Integral aims to become a $50 million business on the back of its acquisition of Auckland-based firm APL Plus.
While not disclosing how much it paid for the 40-strong company, Integral says the purchase is a significant investment.
Managing director Ray Noonan says the acquisition will help Integral become a $50 million dollar business by the end of its next financial year.
However, he would not disclose the company’s current revenues.
APL’s 40 staff bring “critical mass” to Integral’s burgeoning solutions practice, particularly around Microsoft, says Noonan. “We have grown organically in that space, but it is about having critical mass as opposed to taking longer to build our capability.”
Both companies are Microsoft Gold partners and although APL did not necessarily posses Microsoft skills that Integral did not already have, it did have those skills on a larger scale, says Noonan.
But he points out that expanding its Microsoft business will not detract from Integral’s IBM partnership. “IBM remains a very strategic partner – it was and is the foundation of our business. We don’t see a lessening of the value there as we grow into new areas of business.”
With the addition of APL’s staff, Integral now has just over 130 employees, while both APL’s former owners have joined the company.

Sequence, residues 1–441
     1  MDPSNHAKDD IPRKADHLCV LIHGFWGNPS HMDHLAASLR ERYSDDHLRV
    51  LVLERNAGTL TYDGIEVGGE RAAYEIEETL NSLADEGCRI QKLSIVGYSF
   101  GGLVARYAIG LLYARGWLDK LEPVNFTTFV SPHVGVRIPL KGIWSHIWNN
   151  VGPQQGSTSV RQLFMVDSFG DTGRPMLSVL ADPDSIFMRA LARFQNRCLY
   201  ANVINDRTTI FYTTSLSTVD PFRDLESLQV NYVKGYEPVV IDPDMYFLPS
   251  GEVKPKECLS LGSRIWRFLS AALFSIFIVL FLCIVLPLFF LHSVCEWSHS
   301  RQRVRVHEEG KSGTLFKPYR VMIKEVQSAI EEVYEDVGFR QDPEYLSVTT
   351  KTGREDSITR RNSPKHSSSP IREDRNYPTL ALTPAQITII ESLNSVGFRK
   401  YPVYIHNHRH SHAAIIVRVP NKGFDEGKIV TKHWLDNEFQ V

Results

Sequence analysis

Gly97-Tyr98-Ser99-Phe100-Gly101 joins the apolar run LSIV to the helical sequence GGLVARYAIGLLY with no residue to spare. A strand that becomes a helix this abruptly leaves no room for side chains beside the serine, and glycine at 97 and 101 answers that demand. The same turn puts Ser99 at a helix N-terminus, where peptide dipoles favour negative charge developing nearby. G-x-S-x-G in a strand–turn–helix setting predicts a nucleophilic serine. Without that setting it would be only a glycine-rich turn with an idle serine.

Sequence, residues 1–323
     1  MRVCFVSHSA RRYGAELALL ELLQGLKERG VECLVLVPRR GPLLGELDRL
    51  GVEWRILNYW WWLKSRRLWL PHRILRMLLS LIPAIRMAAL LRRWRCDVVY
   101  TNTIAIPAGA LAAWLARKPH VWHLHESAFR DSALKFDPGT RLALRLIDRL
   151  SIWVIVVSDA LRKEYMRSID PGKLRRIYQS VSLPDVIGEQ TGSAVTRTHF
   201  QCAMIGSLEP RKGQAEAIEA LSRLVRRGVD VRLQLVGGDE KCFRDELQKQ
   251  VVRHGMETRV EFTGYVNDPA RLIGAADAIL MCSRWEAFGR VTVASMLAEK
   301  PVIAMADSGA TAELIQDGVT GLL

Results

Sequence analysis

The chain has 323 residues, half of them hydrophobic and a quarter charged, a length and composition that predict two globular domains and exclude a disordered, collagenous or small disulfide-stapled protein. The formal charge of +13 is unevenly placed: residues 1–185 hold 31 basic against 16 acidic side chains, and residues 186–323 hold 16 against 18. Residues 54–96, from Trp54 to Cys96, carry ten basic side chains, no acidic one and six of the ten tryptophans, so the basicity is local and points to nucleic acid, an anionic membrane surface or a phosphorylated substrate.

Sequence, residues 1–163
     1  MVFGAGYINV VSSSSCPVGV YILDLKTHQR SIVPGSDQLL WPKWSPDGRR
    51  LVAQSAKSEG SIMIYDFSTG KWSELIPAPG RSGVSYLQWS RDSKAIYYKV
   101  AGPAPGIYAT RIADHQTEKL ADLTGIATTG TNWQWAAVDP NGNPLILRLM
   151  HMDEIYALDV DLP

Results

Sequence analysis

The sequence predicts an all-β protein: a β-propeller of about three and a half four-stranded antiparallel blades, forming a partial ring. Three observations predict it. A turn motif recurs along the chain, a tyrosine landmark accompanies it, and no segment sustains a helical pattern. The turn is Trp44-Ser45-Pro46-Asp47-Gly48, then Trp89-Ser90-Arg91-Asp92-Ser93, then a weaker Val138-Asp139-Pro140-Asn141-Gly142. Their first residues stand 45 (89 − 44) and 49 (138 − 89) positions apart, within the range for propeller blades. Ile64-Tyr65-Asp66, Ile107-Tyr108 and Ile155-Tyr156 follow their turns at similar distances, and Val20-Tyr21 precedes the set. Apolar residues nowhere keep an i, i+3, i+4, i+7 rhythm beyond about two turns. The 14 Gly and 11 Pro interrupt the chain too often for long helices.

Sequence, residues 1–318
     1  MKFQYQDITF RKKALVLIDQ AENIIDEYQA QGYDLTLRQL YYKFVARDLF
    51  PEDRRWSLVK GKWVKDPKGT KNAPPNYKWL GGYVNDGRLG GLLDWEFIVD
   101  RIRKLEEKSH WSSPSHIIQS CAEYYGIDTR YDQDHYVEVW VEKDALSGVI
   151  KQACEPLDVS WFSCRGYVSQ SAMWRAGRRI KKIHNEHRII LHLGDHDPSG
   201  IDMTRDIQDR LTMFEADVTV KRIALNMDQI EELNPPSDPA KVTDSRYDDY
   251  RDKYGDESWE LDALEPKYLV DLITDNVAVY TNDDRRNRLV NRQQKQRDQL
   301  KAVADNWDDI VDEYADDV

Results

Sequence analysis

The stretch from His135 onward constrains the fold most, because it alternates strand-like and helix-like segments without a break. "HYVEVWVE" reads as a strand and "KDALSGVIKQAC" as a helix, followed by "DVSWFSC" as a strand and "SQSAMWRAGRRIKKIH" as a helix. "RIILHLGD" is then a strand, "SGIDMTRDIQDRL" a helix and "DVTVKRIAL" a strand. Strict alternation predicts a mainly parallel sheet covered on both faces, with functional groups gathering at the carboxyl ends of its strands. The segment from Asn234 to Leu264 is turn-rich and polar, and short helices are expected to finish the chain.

Lincoln Watson now heads the company’s business solutions division, while Drew Gilpin has taken on an evangelism role. “They fill strategic roles within our business. We are confident that they will fit into our executive team extremely well. They created an excellent business – we want to harness [their] skills and enthusiasm,” says Noonan.
Even though this is Integral’s fourth acquisition in as many years, Noonan says this is not the company’s preferred growth strategy. “Our organic growth is very strong – our acquisitions are made for strategic reasons rather than for revenue growth.”
Although Noonan does not anticipate any further acquisitions, he does not rule out the possibility completely. “We have a strong cash position and we think there may be some more opportunities over the next year or two, given the financial climate, to make other acquisitions.”
But Noonan is quick to point out that APL was not struggling. “APL is a very successful company that has grown very strongly.”
He says APL doubled its revenue since Gilpin and Watson took over the business from Advantage Group in 2004.